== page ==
A 16-storey office tower, a 12-storey, 150-room high-end hotel and a new auditorium housing a 2,000 seat theatre are part of the Woden Hellenic Club’s ambitious plans to diversify its revenue sources and secure its long-term future.
The club has unveiled a two-stage development project and master plan for the Callam Street site that it believes will fit with the changing face of the Woden Town Centre and serve the club’s 50,000 members and the increasing residential population in the area.
The integrated development will extend the club’s footprint from the current premises across the surface car park which will be replaced by a three-level basement providing 800 spaces.
The current facilities will remain but likely be refurbished.
The club is about to launch community consultation with a presentation to the Woden Valley Community Council next week and is now embarking on the detailed design phase ahead of lodging a development application in six months.
It hopes to start construction late next year.
Club CEO Ian Cameron said the plans, two years in the making, would transform the site into a mixed-use precinct of the like Woden has been crying out for.
He said the two drivers for the redevelopment were a need to secure parking, with the adjacent ACT Government surface car park slated to be released for development, and the imperative most Canberra clubs were facing to move away from poker machine revenue and shift the club to a more sustainable income stream.
“We’re looking forward to the next 40 years. We’ve been here for 40 years, now for the next 40 years – how are we going to secure our future?” Mr Cameron said.
He said basing a business on pokies income was no longer viable and they would disappear by natural attrition over time.
Other critical elements of the master plan include a unique multi-cuisine dining area on the ground level of the auditorium based on the idea of the Greek agora or central gathering place that will have an alfresco feel but be protected from the elements, as well as sports bars and a micro-brewery.
Besides the theatre, which will be designed to attract national shows and events and complement the Canberra Theatre in Civic, other entertainment attractions envisaged include a cinema, bowling alley and arcade games.
A multicultural centre for all of Canberra’s diverse community is also planned, as well as function and conference spaces.
The club wants to be positioned to take advantage of the high demand for A-grade office space, timing the completion of its 20,000 square metre building for when leases expire and government agencies are looking for new premises, as well as providing spaces for smaller private tenants.
A new A-grade office building would bring more public servants back into the Town Centre, boost its employment base and support local businesses.
The club will also be offering a child care centre, gym and day spa.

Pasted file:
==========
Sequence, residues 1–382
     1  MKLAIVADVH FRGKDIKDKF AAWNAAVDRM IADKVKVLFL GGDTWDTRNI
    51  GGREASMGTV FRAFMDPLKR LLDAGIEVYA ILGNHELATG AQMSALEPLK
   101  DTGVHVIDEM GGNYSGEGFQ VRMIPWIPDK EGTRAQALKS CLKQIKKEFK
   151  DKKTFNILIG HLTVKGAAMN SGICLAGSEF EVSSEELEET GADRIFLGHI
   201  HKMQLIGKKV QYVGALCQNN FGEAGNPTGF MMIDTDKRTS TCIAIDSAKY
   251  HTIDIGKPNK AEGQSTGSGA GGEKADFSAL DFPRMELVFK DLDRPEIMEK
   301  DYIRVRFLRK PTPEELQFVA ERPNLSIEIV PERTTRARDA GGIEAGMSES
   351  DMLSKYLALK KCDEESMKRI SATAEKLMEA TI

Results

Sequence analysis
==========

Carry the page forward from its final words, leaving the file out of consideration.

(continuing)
Mr Cameron said the high-end hotel would fill a gap in the southside market, and provide accommodation to visitors taking in a show or event at the club.
The basement car park is aimed to meet the club’s needs on weekends while being available to office workers during the week.
It will also be a ‘smart’ facility, including charge points for electric cars, part of a range of sustainability measures planned for the precinct.
Mr Cameron said early community feedback had been very positive, particularly the decision to not just build more apartments but focus on commercial development and the recreation activities the new precinct would provide for the Town Centre’s burgeoning population.
He said the new facilities would also be available for community use.
Woden Valley Community Council president Fiona Carrick said the plans were impressive but she would like to see more ground-level spaces, such as the dining area, open to the street instead of everything being inside.
Mr Cameron said Canberra’s extreme climate made a weather-proof option more viable.
He said the plans were at a conceptual stage and would likely evolve through the design and consultation process, including after feedback from the National Capital Design Review Panel.
Hellenic Club board president Andrew Satsias said the project would build on the significant residential development already occurring across the Town Centre.
“Our goal has been to identify multiple commercial anchors that will drive foot traffic and visitation to our site,” Mr Satsias said.
“We are confident that the work-to-date by our design team promises a world-class lifestyle precinct that will feature elevated entertainment, dining, social and commercial spaces that will attract local, national and international visitors.”
The club has engaged Peter Micalos’s Intellectual Property Group as development manager and Purdon Planning to run the consultation and DA process but is exploring a range of options for actually delivering the project.